A few weeks ago, I sat down with Ahead of the Curve podcast creator (and Monday Morning Edge reader) Jonathan Gelnar for a new episode of the podcast. It went live last week.
It was an awesome time. Jonathan brought great questions and we spent an hour talking about a few of my favorite topics: power laws, systems, and communication.
Since it came out, we’ve gotten some generous feedback from listeners like Zach Castro who shared his notes from the episode on Twitter.
Thought of the week: What makes a coach productive?
Before Spring Training 2020 got shut down, I was with a co-worker at the facility when we started chatting about new coaches that had gotten hired into professional baseball over the off-season.
I commented that I didn’t really understand why everyone seemed to add some deviation of being “excited to learn” in their announcement post on their social media channel of choice. What my co-worker said has stuck with me ever since:
“Yeah. It’s like, I didn’t hire you to come and learn. I hired you to be productive right away.”-My anonymous co-worker
That comment opened up a brand new perspective to me. Before then, it had never clicked for me that coaches should be held accountable to produce something of value. The essence of productivity isn’t checking off the boxes on your to-do list; it’s doing things that matter. I knew this in the abstract, but it remained there.
So, if coaches are supposed to produce something of value (be productive), it’s important to figure out what that something is…
We’ve been led to believe that a coach’s job is to produce better players and teams. This is obviously true, but I don’t think it gets at the core of what modern coaches do. We’ll get to that soon.
Earlier this week, I ran across this tweet from Patrick McKenzie:
Elon Musk has a similar point of view on what his car company produces. He often talks about “the machine that builds the machine”. Or as he put it in a tweet, the factory as the product.
With these two things in mind, I asked myself,
“What do coaches produce?”
And I think the best answer for modern coaches is:
Systems that build better players and teams.
When I talk about coaching systems, you might think about Phil Jackson’s Triangle, Bill Walsh’s West Coast Offense, or Jürgen Klopp’s Gegenpress. But that’s not exactly what I’m talking about…
When I talk about systems, I want you to think about a process-driven machine that produces a consistent result.
This can be a “system” of play, but when it comes to producing a result, you want to systematize your knowledge so that you can solve increasingly more challenging problems year-over-year rather than having to re-invent the wheel every season.
When you have systems, you can package up what you know and replicate it time and time again to get the ultimate downstream result: better players and teams.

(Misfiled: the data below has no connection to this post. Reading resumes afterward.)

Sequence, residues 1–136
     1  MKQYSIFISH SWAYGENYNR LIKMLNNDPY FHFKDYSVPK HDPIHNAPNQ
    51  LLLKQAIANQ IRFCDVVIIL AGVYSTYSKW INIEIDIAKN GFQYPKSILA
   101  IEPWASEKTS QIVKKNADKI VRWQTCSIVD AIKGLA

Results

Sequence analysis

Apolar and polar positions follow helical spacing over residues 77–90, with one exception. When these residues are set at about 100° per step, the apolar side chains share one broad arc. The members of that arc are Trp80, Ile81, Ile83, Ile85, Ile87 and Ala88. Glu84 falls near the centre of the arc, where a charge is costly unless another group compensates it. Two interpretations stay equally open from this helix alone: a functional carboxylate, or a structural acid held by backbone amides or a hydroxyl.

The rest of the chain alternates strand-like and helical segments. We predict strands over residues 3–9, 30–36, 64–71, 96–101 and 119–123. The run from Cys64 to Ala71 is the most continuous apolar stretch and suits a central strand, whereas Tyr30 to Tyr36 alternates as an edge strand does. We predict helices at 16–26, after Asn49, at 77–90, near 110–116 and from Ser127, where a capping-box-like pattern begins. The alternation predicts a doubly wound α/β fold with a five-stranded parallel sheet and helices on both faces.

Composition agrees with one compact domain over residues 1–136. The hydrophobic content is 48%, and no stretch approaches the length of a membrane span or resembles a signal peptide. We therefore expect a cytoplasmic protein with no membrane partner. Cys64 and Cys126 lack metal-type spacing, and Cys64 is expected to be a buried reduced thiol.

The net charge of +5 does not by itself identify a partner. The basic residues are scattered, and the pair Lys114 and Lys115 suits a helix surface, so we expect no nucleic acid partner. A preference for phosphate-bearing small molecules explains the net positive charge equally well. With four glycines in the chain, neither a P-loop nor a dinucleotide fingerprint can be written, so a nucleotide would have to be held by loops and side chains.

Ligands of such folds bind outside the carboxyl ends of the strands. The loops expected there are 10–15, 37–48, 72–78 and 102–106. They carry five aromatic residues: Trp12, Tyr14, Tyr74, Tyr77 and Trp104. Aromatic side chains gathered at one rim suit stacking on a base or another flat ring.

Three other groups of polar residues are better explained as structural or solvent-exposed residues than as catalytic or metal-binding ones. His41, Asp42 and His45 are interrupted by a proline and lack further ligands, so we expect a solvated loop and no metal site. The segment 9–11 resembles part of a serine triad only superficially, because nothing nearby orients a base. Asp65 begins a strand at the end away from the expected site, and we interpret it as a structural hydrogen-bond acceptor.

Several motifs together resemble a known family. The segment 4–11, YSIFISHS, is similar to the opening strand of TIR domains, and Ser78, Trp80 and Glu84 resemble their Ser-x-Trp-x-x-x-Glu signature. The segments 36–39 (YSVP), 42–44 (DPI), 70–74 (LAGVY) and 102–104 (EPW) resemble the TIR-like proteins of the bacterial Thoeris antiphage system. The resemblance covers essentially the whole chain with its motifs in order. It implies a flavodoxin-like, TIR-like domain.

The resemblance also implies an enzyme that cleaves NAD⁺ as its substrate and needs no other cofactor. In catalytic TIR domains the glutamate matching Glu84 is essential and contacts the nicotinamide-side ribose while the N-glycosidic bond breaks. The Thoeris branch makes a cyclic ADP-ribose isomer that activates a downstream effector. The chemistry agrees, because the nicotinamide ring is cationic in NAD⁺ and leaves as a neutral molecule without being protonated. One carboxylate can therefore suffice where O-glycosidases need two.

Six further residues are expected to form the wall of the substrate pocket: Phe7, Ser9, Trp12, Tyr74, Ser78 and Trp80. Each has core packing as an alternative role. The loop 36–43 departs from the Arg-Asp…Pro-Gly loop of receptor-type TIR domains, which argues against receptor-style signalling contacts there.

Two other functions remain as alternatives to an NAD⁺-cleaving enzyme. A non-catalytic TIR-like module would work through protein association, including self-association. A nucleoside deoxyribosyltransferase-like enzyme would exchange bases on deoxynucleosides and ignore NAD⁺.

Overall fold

And this is how you create leverage — something you must understand if you want to coach in the 21st century.
So what does this look like in practice? I’ve jotted down 3 ideas in my notes, but one thing you can do is create a standard development plan for your athletes.
- If you’re a high school or college coach, what standard development needs does the common athlete have in years 1-4 in your program?
- If you’re in private development, you want to have a general outline of what a development plan will look like for that kind of athlete at that time in their career.
No matter what level you coach, you want to have a general training system that gets consistent results year after year. Obviously, you will need to iterate along the way, but you need to focus on improving the over-arching system — this is what it looks like to build the machine that creates the players.
You have everything you need to make this happen. Start small, move quickly, and never stop iterating.
A few things to read this week
Thanks to the weather turning to spring, summer training preparations at Tread, and my local grass driving range, I haven’t read as much lately as I usually do. My Twitter screentime stats are higher than I’d like, and I’d like to adjust the dials to spend a little more time with a book in my lap going forward.
Nonetheless, here’s the best of what I’ve come across lately:
First, I loved Zack Kanter’s article, “You Are Not ‘Behind'”. If you’re reading this, you might’ve experienced the anxiety of feeling like you’re “behind” at some point in your life. I know I have. Kanter proposes countering this feeling by asking yourself, “Behind compared to what?”. When you realized that feeling is anchored to a (false) expectation you have of yourself, you can expose it for the lie it is.
Next, I have a weird affinity for cool architectural feats and stories. If you’re like me, you’ll love learning about the 90° rotation of the Indiana Bell Building. I first learned about it in this Twitter thread and before doing some further digging.
Lastly, back in February, I shared Best Story Wins by Morgan Housel. His point was that it’s usually true that the person who can tell the best story has a leg up in life. I’ve never been a great storyteller, so I’m all ears when I might be able to learn how to tell better stories. With this lens on, I was immediately intrigued when I came across Steve Jobs’ take on storytelling:
BTW: I found this on James Clear‘s Twitter.
Thanks for reading!
That’s all for this week. Appreciate you starting your week here!
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Until next week,